America, there’s an English Problem…

…And it’s not King Charles.

As a writer, I try to be grammatically correct most of the time.  Sometimes, I take a good bit of poetic license with the language, but I still try to stick fairly close-by to the rules.  Lately, I’ve been noticing that one of the rules of grammar is being almost completely ignored, by almost everyone.

I noticed it, because it is one of my grammatical pet peeves, but it is becoming so ubiquitous that I’m afraid it’s going to wind up in the dictionary as acceptable slang soon.  At first, I just heard a few people on TV use it, but now, it’s even popping up in commercials, news broadcasts, and I even heard an eminent scientist use it in a YouTube short video.

What’s the problem.  The problem is the use of the contraction, “There’s.”  As you all know, it stands for “There is” so it should be followed by a singular noun, as in There’s a problem in English usage.  Nowadays, however, it’s being used no matter if the noun is singular or plural.

When it refers to something that is plural, it should be “there are,” as in There are problems.  Nobody would say There is problems, but it seems that a lot of people are saying things like “There’s problems.”  It is especially glaring to me when it appears in commercials, because they are written by professional writers, and the copy is scrutinized over and over before it’s approved.  Yet, in two different online commercials for they said things like, “There’s millions of reviews…or…There’s over 5 million of them.  I point out Thriftbooks, because they cater to people who read, so I would think that they, if anybody, would use proper English.  However, they are not alone.  Many commercials make the same mistake, and now that I’ve pointed it out, I’m sure you’ll hear it quite frequently.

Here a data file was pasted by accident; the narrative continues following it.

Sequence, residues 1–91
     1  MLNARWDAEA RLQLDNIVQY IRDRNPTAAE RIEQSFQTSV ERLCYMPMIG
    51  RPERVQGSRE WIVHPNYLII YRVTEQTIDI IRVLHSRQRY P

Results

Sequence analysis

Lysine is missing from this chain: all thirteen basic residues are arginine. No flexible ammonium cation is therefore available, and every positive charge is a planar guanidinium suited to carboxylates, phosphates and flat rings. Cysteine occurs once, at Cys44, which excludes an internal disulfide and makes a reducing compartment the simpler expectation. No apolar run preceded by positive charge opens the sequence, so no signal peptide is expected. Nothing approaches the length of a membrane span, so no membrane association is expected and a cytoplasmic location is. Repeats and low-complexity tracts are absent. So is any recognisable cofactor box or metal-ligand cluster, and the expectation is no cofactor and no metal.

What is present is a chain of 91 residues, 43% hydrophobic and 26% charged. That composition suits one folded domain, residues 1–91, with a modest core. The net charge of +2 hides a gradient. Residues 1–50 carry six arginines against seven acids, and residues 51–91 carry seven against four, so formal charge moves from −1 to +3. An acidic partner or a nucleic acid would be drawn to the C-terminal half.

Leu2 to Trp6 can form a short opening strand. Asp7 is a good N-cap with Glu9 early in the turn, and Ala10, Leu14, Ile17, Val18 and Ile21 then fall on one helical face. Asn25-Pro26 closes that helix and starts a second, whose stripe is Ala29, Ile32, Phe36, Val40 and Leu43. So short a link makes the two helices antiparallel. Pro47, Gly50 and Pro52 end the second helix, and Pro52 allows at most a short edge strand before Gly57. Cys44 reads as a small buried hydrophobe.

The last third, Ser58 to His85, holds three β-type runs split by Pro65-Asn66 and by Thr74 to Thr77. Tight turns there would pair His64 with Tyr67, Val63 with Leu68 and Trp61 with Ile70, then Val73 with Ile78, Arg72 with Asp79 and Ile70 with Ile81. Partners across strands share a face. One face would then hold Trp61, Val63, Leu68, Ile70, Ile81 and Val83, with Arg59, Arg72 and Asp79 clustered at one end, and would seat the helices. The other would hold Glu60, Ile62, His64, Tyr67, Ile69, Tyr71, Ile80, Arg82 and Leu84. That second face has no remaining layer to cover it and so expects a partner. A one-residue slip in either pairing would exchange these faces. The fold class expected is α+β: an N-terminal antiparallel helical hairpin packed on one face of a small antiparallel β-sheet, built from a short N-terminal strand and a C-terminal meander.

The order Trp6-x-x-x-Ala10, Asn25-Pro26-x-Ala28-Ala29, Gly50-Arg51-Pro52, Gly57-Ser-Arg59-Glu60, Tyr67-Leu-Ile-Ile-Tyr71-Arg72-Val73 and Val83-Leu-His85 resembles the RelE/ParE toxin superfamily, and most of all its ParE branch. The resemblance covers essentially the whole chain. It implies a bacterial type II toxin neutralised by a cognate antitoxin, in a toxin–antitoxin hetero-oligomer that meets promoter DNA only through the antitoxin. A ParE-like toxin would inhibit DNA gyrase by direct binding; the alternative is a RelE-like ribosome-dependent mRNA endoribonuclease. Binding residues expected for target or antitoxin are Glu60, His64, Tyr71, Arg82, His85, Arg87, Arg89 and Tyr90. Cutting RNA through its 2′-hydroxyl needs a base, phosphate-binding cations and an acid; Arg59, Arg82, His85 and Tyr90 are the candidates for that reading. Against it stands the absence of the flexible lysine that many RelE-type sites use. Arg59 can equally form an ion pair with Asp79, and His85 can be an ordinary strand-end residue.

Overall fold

I knew it was time to say something about this sad trending, when I watched a YouTube video short in which Neil deGras Tyson, a science educator, said, “There’s tens of millions of stars…”  This incorrect usage of the contraction is spreading too far, so I’m trying to do my part to convince people to stop using there’s when there are should be used.

While I’m at it.  I’d like to also talk about another problem and a word that is not spreading, though with all the pronoun talk we’re having nowadays, it should be.  Decades ago, while writing a short story.  I didn’t want to give away the identity of the person I was writing about until the very end, so to hide even their gender from the reader, I coined the word hirm to mean either him or her, a gender unknown pronoun to replace the awkward “he/she.”  It amazed me at the time that we have a gender-neutral plural pronoun, them, but, to the best of my knowledge, the singular case gender-neutral pronoun was yet to be invented.  So, I invented one.  It turned out to be useful for me in that story, but “hirm” never caught on with anyone else.

Nowadays with so much debate about which personal pronouns to use to refer to a person, I would like to submit to dictionaries everywhere my word hirm as a useful gender-neutral pronoun.

Peace & Love, and all of the above.



2 thoughts on “America, there’s an English Problem…

  1. I’m not blaming anyone. Languages evolve. Our American/English language is constantly evolving. I’m just trying to direct the course a little.
    There is a good quote by John Burroughs: “A man can fail many times, but he isn’t a failure until he begins to blame someone else.”

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